As COVID-19 cases continue to drop and vaccination rates continue to rise across the country, many Swarthmore students look forward to what experiences the summer will bring. For some students, their plans this summer revolve around on- and off- campus research through different college departments.
The process of applying for research funding this summer differed significantly from previous years due to COVID-19 restrictions. As they were going through the application process for summer research funding, students had to submit a virtual backup plan in case in-person research or travel was not possible. Students who were awarded research funding did not officially find out until March 31 that summer research on campus was possible, after Provost Sarah Willie-LeBreton sent out an email to the campus community.
In Willie-LeBreton’s email, she described how there would be a prioritized, restricted number of students living residing on campus for research, compared to previous years where students could rely on residing on campus for research after receiving an award for funding. The email also explainedconveyed that students would be able to use funding to travel domestically but not internationally, which is different from normal summers when students could travel freely without social distancing concerns.
Joseph Scott ’22 plans on doing research this summer on campus, where he will be working on an organo-aluminum complex and its catalytic abilities with the department of chemistry. In addition to conducting research, he eagerly awaits the prospect of engaging with fellow student researchers.
“I’m hoping for increased social interaction among the summer students on campus,” he wrote to The Phoenix. “I want to make new friends as this socially-draining pandemic resolves!”
If the majority of the community on campus isare vaccinated, students have expressed curiosity about the extent to which the college will enforce social distancing protocols.
“I just got fully vaccinated, and I expect that mostly everyone on campus (or at least in my lab) will be too, so I’m not worried about COVID,” Scott wrote. “I just hope they actually ease up the COVID precautions and rules when people are vaccinated.”
Currently, members of the College administration anticipate that students staying in summer housing will have similar Garnet Pledge expectations to the spring semester.
In an email on May 5, the COVID-19 planning group released more information about expectations this summer. Visitors will be allowed on campus grounds (although not buildings) starting on June 7, and fully vaccinated individuals will no longer be required to wear a mask outdoors unless in a group of more than five people.
“At this time, social distancing policies are still recommended nationally, so residential students will still be encouraged to socially distance,” Director of Residential Communities Star Longoria wrote to The Phoenix.
Longoria emphasized that these expectations, however, will adapt to guidelines from CDC and the college’s medical advisors as they are made available.
“Our main goal is to safely provide summer housing opportunities to those who need it and maintain a safe working environment for our campus partners like Environmental Services (EVS), Dining Services, and Public Safety,” she wrote.
To maintain a safe environment, the college is offering single-occupancy rooms in residence halls with air conditioning. The college is offering about 200 beds on campus this summer, more than the average of 160-170 beds in previous summers.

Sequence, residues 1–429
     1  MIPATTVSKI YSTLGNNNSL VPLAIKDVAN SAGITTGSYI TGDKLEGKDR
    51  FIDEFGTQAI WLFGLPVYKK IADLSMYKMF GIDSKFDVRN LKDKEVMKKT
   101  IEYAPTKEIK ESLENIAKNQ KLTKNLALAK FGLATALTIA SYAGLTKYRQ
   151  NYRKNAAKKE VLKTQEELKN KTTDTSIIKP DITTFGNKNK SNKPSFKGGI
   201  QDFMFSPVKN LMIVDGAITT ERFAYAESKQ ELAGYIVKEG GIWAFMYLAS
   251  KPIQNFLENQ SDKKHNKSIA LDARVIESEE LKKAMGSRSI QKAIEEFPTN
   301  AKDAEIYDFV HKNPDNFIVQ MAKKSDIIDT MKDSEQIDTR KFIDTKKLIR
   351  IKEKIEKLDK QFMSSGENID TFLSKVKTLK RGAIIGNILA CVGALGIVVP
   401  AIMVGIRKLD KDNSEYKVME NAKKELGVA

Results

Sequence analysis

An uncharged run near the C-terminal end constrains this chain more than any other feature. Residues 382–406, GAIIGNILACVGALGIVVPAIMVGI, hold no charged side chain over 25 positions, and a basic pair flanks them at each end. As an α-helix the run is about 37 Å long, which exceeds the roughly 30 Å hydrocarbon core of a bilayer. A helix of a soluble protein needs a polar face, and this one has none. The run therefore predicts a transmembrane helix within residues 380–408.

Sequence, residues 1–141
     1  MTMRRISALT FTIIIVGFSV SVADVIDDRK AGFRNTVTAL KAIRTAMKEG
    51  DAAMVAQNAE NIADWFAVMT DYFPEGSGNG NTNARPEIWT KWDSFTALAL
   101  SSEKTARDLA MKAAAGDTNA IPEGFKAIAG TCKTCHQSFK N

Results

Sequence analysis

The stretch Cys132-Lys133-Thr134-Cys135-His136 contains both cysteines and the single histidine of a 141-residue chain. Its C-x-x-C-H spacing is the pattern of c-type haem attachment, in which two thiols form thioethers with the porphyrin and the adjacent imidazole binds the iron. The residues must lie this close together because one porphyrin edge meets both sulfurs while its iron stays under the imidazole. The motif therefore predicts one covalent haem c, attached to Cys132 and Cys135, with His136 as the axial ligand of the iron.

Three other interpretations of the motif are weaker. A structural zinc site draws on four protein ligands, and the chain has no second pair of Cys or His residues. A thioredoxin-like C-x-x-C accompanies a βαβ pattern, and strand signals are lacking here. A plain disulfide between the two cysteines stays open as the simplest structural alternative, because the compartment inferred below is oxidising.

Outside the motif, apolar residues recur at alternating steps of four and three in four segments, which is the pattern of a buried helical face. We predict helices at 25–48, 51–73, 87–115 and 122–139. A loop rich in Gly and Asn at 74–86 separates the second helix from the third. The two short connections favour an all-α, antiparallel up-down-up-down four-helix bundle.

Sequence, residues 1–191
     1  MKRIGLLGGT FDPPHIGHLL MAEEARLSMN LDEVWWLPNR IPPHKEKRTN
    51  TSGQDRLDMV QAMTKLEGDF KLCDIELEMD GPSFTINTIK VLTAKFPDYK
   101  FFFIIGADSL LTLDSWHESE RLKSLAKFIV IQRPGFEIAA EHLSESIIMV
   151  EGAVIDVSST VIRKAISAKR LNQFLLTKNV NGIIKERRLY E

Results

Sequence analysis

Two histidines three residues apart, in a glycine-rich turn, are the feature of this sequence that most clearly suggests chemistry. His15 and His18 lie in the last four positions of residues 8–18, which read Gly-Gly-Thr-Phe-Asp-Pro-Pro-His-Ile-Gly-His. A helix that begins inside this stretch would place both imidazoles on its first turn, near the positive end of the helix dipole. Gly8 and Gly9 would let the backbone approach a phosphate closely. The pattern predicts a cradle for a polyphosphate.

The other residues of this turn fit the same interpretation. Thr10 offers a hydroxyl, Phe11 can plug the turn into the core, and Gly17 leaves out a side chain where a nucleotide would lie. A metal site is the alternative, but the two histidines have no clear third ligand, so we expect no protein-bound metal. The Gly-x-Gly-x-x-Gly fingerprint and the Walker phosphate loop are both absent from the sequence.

Academic Divisional Programs and Operational Manager Debbie Thompson works with the housing office to verify the awardees of academic division funding to ensure that students whose research must be done on campus are given priority for summer housing. She described how the college community has shown its strength by adjusting to challenges this past year and upcoming summer.
“I have been impressed with students for their resilience, faculty for their patience, and staff for their understanding,” she wrote in an email to The Phoenix. “Equally, I am impressed with the College overall for spending the time and energy to adjust to the challenges that this pandemic has brought, while considering the safety and well-being of every person in the campus community.”
As some students look forward to staying in residential halls, others will be working on departmental research remotely from their homes.
Elizabeth Brown ’23 will be doing remote research on material physics from her home this summer.
“Compared to those on campus, I’ll be missing out on working in the lab and it will be more individual work than it might be with everyone on campus,” she wrote to The Phoenix. “But, I think the data analysis and computational work is similar to what I would be doing on campus.”
Although visitors in residence halls will still be prohibited, according to Longoria, there may be opportunities for off-campus students to enter some campus buildings if they are near campus.
“Non-residential students may be allowed to come to campus to complete summer opportunities, but access to campus buildings will be limited to only those buildings that they must access to complete their work,” she wrote.
Camryn Slosky ’22 will also be working on campus this summer, doing developmental biology research for her senior thesis in neuroscience. She hopes that this summer will bring new experiences and more of a focus on her work.
“I have never spent a summer at Swarthmore before and am excited to dedicate all of my time solely to research,” she wrote to The Phoenix. “I am looking forward to not having to juggle classes on top of research and dedicating myself to my own project full time.”
Photo courtesy of Dan King.